I could see here that I needed to be just under the star at the bottom of the Cassiopeia W, and the Double Cluster was right next door, which I could see easily in the shorter camera exposures.  Soon I will be getting a red dot finder that attaches to the hot shoe on my camera!  It took some trial and error to get it positioned right.  I had to have the camera rotated at an angle, otherwise it would hit the Polarie later as it rotated across the sky.  Then I had to see how good my polar alignment was - I was able to take 2-minute exposures at 100mm and get almost no streaking.  I could just barely see a reddish area where the nebulae were supposed to be.  Woot!

I normally would plug the Polarie into one of my older external cell phone batteries, but I forgot to re-charge it after the last time I used it, so I pulled out my current external cell phone battery brick and plugged it into that instead.  Then I just let it roll.

Around 9:50, I went back outside and rotated the filter wheel on my telescope setup to green.  Besides the bloated stars, the guiding still looked good.  Impressive that a 162mm focal length guide scope was doing pretty decently guiding a 1143mm focal length telescope!  Some clouds had rolled in toward the west, but the part of the sky I was imaging toward the southeast was still clear.

I checked on the Polarie, and the power wasn't on!  I hit the button on my battery and it came back on, and then I had to re-target the camera.  I got close, and then let it run.  When I came back out to check on the telescope exposures, it had turned off again, only about 10 minutes later!  It doesn't do that with my other battery.  My newer battery must be looking for some active use signal that the Polarie isn't providing or something.  Also, I need to replace the internal batteries in the Polarie so that I don't have to worry about that.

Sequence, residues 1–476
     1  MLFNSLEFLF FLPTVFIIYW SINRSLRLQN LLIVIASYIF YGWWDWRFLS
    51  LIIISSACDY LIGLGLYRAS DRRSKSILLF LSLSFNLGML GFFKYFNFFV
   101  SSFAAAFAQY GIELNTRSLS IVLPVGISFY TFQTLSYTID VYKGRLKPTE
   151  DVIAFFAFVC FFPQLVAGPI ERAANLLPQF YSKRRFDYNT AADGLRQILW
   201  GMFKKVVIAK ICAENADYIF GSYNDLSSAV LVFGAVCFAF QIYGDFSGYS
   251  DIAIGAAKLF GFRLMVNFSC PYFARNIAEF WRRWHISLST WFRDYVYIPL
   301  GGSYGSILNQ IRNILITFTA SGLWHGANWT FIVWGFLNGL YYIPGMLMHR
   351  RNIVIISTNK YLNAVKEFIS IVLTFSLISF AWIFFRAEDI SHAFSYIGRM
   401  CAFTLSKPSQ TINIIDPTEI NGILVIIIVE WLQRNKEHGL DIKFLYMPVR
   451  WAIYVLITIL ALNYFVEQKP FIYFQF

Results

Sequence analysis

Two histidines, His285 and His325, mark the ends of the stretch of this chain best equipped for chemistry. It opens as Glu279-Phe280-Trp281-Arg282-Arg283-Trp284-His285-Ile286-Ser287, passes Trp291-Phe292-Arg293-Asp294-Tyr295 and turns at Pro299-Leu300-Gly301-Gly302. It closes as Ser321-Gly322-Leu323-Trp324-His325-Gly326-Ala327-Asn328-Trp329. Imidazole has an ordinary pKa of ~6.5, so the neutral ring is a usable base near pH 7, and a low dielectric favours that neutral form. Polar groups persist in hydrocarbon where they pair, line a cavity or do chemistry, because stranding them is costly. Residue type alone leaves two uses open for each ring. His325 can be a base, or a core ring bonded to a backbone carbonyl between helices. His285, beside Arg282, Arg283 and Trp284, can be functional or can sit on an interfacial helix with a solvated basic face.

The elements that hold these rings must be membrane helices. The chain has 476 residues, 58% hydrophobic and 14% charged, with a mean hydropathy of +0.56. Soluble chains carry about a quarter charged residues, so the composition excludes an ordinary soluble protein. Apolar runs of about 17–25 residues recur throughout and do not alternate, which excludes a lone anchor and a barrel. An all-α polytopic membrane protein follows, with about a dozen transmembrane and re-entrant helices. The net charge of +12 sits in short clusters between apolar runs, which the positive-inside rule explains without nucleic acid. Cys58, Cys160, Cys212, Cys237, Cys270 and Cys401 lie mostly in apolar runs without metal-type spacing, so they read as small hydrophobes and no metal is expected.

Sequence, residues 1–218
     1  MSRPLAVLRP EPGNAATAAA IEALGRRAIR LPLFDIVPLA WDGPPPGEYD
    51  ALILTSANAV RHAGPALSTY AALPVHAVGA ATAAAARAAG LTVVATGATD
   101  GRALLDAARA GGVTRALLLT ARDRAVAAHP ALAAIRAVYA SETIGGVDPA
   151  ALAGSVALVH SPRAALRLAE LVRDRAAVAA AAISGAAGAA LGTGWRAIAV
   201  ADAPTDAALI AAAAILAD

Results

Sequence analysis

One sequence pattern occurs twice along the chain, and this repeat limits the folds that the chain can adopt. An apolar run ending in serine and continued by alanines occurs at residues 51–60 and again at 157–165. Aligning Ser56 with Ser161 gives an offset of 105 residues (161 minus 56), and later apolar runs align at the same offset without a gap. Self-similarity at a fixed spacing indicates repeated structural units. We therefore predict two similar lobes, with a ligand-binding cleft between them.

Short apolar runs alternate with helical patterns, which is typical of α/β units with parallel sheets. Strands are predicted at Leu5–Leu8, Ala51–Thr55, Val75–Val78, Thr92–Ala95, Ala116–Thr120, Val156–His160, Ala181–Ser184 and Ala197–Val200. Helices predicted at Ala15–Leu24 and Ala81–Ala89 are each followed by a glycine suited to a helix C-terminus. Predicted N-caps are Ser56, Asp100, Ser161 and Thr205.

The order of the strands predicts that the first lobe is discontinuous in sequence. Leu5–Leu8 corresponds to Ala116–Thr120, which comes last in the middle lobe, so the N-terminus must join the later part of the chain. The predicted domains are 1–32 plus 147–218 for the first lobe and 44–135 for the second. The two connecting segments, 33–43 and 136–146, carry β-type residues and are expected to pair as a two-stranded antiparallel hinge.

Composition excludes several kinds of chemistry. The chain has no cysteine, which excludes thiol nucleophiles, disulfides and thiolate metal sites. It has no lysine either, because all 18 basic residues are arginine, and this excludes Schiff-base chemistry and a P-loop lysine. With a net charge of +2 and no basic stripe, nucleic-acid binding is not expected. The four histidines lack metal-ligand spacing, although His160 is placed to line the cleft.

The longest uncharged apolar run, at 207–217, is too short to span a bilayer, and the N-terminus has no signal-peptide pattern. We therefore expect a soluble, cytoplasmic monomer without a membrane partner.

Since it was a weeknight, I didn't want to stay out too late, so I started packing up at 10:50 PM, just as the clouds started covering the area where M74 was.  

On the Polarie, I lost most of my exposures to the battery power issue.  Oh well, next time...
Single 120s frame of the Heart & Soul Nebulae region, unprocessed.  That's the Double Cluster on the upper right.  Nikon D5300, 55-200mm lens at 100mm, f/4.5

When the power shuts off...

I'll need to go out again soon and get the blue and luminance data.  I'll also look through the scope with an eyepiece to see if the stars look weird visually.


  1. This all sounds so daunting but I can't wait to see the finished product.

    1. LRGB imaging is a lot of work, but I got my -30C dark frames last night, and now I just need my -40C ones, which I might be able to get tonight.